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The Case for One-Year Suspensions for Steroid Use

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Steve Sievert of The Houston Chronicle makes the case via Dana White.  Notable quote:

Taking that into consideration and talking with Dana White at length about the subject have influenced my opinion. A one-year suspension, which has the effect of stripping away a fighter's livelihood for a significant amount of time, and the fine imposed by athletic commissions produce a legitimate penalty for a first-time drug offender in MMA.
"When these guys in MMA go out and compete, they're tested by the government. And, when they get caught, they lose their ability to make a living. Imagine if you did something wrong and you had to lose your ability to make a living for six months to a year. People keep asking me, 'What else are you going to do to these guys?' What the (expletive) do you want me to do to these guys? Drag them into the street and have all the villagers stone 'em to death? You take this guy's ability to make a living away for a year ... you're tarnished once people think you did steroids, then you have to fight your way back up to the top again. It's like starting at rock bottom."

I'm still grappling with the fine line between being too punitive and too lax when it comes to dishing out punishments for steroid use.  I've suggested previously that perhaps if the UFC paid their fighters more they'd be less inclined to use steroids, but upon reflection that argument is deeply flawed.  The pressure to succeed only increases with exposure and notoriety and ultimately, that's one of the main triggers for steroid use.  Paying more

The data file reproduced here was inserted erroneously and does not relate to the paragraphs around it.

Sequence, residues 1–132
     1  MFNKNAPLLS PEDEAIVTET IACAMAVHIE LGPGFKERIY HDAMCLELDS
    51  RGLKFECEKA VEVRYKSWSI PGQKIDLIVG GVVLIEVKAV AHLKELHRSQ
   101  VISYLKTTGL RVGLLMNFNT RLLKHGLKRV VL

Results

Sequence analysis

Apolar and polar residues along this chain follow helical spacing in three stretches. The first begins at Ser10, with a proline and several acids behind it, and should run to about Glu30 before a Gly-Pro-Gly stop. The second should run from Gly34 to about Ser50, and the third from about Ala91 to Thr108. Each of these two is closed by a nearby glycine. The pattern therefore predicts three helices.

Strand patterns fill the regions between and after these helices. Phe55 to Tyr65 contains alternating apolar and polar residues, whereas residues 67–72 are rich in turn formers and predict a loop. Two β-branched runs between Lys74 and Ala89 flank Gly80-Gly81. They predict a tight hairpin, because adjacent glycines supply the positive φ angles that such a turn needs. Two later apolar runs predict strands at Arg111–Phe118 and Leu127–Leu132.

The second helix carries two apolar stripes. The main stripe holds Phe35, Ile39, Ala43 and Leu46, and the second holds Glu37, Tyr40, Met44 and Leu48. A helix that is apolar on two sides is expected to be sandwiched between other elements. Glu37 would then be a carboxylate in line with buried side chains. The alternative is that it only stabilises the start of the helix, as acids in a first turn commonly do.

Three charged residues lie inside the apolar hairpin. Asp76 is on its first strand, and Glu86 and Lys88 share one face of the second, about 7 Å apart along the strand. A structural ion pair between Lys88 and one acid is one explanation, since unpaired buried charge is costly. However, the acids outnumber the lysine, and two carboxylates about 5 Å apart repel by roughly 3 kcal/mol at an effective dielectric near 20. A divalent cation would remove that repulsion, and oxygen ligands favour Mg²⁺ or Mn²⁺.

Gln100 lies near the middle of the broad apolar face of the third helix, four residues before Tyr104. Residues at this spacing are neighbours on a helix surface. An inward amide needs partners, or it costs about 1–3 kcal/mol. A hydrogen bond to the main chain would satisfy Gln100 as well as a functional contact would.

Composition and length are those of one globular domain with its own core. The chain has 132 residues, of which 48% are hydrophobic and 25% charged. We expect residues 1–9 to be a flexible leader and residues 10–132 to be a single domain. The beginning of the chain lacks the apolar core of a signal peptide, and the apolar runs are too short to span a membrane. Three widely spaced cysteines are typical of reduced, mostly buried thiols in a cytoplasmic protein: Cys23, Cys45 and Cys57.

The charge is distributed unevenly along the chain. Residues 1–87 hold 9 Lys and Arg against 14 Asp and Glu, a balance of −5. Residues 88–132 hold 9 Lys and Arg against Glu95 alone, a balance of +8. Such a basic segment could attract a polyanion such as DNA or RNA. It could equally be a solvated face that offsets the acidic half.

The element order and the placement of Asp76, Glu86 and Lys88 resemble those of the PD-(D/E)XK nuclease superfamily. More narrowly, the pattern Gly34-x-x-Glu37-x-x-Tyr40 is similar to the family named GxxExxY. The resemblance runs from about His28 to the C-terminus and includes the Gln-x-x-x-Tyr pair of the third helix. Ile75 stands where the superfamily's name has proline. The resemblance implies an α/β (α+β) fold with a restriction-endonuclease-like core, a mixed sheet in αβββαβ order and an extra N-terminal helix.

But suspending a fighter for a year is also rather harsh, at least on the face of it (and when fighter's are denied cornerman's licenses, that just adds insult to injury).  The main argument used to support this penalty generally relies on the "punishment fits the crime" angle.  Some suggest it's a deterrent, but I only buy that for those who were toying with the idea of using steroids.  In other words, it'll keep the fringe away, but the hardcore won't be affected by this.  The decision to use steroids is ultimately an irrational one if you believe the health warnings and take into consideration the various sorts of penalties, so why on earth do we expect those who use steroids to think more rationally about the penalties (if such a thing even exists) when the penalties become stiffer? At some point - and this differs for us all - the penalties get harsher and harsher, but with diminishing returns.